•  A Carrier Movement represents a trip by a Carrier (a ship or a truck) from one Location to another. 
  •  A Delivery History represents that has happened to a Cargo.
With this model, how should we define boundaries (and Aggregates)?

Cargo, Delivery Specification, Delivery History obviously belong together: Delivery Specification and Delivery History have no interesting identity on their own, our interest on them is through Cargo.  

Customers, Locations, and Carrier Movements stand on their own with global identities: we are interested to find out about them directly, not through a Cargo. So they will be the root of their own Aggregates.

Handling Event is a tricky one. It can be included in the Cargo context, if so, we will find out it through Cargo -> Delivery History -> Handling Event.  (Remember, we can only query directly the Aggregate Root, other objects must be traversed through associations) ; on the other hand, a Carrier Movement is shared by many Carriers, and we might be interested to know for a particular Carrier Movement, what Handling Events must be carried out. In this sense, Handling Event is meaningful outside of the Cargo context. Handling Events can happen outside of a Carrier Movement, for example, clearing a cargo through customs.

If it is hard for you to decide, think about how this application will be used:
  • There should be “booking function” that allows customers to book a cargo delivery, they can specify a delivery specification and track delivery history. The Cargo context will be used mostly here.
  • There should be a “logging function” that allows operations to log handling events for all cargos.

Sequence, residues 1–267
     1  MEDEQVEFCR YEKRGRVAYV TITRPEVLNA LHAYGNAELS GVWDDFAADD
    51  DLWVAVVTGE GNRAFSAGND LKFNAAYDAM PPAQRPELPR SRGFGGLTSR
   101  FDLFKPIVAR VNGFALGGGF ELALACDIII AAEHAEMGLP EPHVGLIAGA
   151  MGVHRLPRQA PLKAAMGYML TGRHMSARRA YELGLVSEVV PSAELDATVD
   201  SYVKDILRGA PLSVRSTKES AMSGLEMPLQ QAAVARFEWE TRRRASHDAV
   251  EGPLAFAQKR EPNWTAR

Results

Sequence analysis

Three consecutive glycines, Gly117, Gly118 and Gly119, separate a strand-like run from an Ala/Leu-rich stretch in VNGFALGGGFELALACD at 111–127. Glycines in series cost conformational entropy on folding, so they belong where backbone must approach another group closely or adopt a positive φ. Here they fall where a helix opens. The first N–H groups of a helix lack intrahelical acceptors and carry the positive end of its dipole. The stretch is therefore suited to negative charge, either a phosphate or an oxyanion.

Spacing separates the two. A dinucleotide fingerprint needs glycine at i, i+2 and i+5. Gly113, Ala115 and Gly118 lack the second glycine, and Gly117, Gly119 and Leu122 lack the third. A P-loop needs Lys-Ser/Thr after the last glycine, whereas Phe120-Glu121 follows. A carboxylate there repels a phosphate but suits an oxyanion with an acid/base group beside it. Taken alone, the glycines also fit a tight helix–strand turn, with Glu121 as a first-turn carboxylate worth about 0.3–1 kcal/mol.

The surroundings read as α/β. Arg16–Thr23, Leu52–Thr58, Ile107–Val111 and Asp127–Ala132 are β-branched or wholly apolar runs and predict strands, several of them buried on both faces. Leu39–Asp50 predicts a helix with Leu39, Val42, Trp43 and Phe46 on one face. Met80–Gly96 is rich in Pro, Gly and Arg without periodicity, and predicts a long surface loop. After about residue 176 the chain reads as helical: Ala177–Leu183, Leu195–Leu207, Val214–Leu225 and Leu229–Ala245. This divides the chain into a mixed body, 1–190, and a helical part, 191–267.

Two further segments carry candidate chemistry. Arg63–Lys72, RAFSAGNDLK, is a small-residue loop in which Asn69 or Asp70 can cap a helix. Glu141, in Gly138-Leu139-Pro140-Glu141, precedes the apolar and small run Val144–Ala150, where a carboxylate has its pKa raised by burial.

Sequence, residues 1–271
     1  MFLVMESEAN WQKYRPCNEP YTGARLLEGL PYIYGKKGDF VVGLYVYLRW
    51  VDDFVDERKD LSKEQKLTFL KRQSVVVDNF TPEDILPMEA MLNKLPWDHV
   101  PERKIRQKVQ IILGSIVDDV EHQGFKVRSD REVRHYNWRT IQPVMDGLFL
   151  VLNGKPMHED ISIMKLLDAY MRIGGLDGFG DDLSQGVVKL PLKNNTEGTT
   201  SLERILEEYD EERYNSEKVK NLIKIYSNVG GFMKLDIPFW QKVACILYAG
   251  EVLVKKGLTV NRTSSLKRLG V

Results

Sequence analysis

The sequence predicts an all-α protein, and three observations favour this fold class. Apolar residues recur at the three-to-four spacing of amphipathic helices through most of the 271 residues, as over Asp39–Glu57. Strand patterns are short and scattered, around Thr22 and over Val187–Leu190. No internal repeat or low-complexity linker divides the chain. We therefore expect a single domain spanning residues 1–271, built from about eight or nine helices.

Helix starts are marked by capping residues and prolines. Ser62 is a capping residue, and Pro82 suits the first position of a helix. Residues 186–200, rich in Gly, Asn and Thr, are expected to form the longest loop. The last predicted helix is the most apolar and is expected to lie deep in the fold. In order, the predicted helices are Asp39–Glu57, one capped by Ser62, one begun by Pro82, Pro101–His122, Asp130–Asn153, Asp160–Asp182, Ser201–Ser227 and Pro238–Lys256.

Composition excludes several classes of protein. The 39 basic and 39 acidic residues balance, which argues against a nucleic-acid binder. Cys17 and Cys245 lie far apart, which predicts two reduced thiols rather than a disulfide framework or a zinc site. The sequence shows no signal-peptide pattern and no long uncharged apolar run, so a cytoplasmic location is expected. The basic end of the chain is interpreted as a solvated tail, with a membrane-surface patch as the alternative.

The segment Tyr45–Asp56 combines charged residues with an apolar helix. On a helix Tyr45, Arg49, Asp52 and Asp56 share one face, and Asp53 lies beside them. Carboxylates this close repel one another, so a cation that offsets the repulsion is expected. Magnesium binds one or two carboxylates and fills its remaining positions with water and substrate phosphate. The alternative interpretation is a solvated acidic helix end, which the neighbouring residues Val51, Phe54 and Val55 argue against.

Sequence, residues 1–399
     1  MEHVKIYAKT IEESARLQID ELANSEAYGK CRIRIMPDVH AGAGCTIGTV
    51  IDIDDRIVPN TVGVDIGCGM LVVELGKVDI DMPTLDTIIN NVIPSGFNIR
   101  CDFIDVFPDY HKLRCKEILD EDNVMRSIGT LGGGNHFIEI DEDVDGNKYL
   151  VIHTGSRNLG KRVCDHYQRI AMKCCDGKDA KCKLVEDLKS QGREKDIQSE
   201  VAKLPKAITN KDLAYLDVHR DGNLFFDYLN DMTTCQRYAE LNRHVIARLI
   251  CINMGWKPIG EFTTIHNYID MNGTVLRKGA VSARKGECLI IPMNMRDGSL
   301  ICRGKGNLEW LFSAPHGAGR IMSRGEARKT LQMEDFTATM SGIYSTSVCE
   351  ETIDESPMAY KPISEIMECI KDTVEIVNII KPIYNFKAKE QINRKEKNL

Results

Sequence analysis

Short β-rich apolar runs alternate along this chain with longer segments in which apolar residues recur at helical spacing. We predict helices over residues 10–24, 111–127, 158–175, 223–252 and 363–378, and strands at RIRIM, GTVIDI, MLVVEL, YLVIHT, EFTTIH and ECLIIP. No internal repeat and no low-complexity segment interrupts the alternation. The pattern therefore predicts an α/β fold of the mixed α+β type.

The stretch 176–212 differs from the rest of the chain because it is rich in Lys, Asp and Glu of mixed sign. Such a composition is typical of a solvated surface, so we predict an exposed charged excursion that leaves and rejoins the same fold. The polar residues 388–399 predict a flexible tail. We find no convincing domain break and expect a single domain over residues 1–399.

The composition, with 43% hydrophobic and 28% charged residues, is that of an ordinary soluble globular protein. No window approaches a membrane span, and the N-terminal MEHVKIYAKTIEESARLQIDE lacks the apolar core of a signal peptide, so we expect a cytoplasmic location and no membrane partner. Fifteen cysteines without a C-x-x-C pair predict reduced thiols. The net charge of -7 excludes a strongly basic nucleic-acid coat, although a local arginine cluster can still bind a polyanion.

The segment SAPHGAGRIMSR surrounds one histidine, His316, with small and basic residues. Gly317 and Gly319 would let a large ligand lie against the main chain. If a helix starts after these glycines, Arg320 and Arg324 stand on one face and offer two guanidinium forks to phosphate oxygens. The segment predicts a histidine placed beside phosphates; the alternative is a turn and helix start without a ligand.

From the business functions, we can see “Handling Events” stands out on its own.

With the above analysis, we arrive at the following Aggregates: Cargo, Delivery History, and Delivery Specification are in one Aggregate with Cargo as the Aggregate root; other entities are Aggregate root of their own Aggregates.  

Notice, in this diagram, there is no HandlingEventRepository, even though Handling Event is the Aggregate root, let us play it along to see what happens. Without its own Repository, Handling Event can be saved and retrieved through Cargo:

public static HandlingEvent newLoading(

        Cargo cargo, CarrierMovement loadedOnto, Date timeStamp) {

    HandlingEvent event =

            new HandlingEvent(cargo, LOADING_EVENT, timeStamp);



    return result;


What is wrong with this approach?

  • It is cumbersome to maintain this relationship.
  • If when adding an event to a Cargo, other users are modifying the Cargo, the transaction of adding an event will fail. The “logging function” is used by operation people, and needs to be efficient.

To address these issues, we add “Handling Event Repository”:

This approach has its own problem: now Handling Event is saved independently of Cargo, there is no guarantee that Cargo will get an up-to-date view of the history. This speaks to the last rule of AggregateWhen a change spans across Aggregate boundaries, invariants spanning across boundaries might not be enforced at all times.

Now you can see why DDD sparks so much interest among the Microservice Community. Microservice is not easy (check Start with Microservice (in mind) - I think Martin Fowler is wrong), a Microservice architecture has 3 layers, while “infrastructure layer” and “application infrastructure layer” are pretty much technical and can be helped by many open sources today, a well-behaving “application layer” requires you to carefully construct your models so there will be minimum interdependencies among them. If boundaries of Micorservices are not designed carefully, there will be a lot of dependencies among Microservices, and maintaining data consistency will be a hell. Aggregate provides an approach for you to reason about boundaries.